Ministers call for calm after preservative scare
HA NOI (VNS)— More foods have been discovered to contain chemical preservatives. However, it should not be assumed that these substances are harmful to human health, according to statements made by the Ministry of Agriculture and Rural Development in a conference on food safety and hygiene yesterday.
|Dried bamboo shoots are displayed at HCM City's Binh Tay Market. More foods have been discovered to contain chemical preservatives, including dried food. — VNA/VNS Photo Hong Thuy
Testing revealed that 50 samples of fresh and dried bamboo sprouts in Ha Noi and provinces of Hoa Binh, Lang Son, Quang Ninh and Thanh Hoa contained heavy metals as well as cyanide, sulphur and sunfite.
Nguyen Xuan Hong, director of the ministry's Plant Protection Department, said it was wrong to assume that chemical usage in agricultural products was bad, as many countries use chemicals to keep their products fresh longer.
Hong mentioned the common practice of using sulphur to dry agricultural products as an example. Other countries, he said, have set limits on sulphur usage for every kind of food.
Viet Nam should soon release similar official guidelines specifying the legal limit for chemical preservatives used in food and what types of food can use these preservatives, he said.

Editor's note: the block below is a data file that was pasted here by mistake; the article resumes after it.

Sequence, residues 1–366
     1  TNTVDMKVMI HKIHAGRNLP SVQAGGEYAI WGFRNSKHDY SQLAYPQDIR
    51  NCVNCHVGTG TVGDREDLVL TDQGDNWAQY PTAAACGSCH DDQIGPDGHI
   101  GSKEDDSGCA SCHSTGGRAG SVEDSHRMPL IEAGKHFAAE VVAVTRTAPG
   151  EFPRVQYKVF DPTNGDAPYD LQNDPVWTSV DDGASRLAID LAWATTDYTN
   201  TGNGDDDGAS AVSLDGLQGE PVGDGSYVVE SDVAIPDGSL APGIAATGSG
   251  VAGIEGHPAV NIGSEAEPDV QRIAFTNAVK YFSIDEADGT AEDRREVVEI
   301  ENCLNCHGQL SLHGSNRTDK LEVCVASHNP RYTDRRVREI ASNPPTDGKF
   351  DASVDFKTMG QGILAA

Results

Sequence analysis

Nguyen Nhu Tiep of the ministry's Agro-Forestry-Fisheries Department shared Hong's frame of mind, stating that an inspection by the U.S Food and Drug Administration last month showed that most Vietnamese enterprises which export dried fruits and grains to the U.S meet its food safety standards.
And an inspection by EU monitors proved that Viet Nam's food safety controls for seafood meet the EU standards as well, he said.
However, Deputy Minister Nguyen Thi Xuan Thu said it was necesary to increase food inspections next month because there remain many shortcomings in food quality management. Illegal food traders continue to take advantage of loopholes in the license granting process to trade unregistered food.
The ministry would focus on strictly monitoring the production of fresh vegetables, dried cuttle fish and honey, she said.
Minister Cao Duc Phat had also asked the department to provide a list of foods that have a high risk of not meeting food safety and hygiene standards. "These foods will be inspected more closely, and the list will also be published for consumers," he said — VNS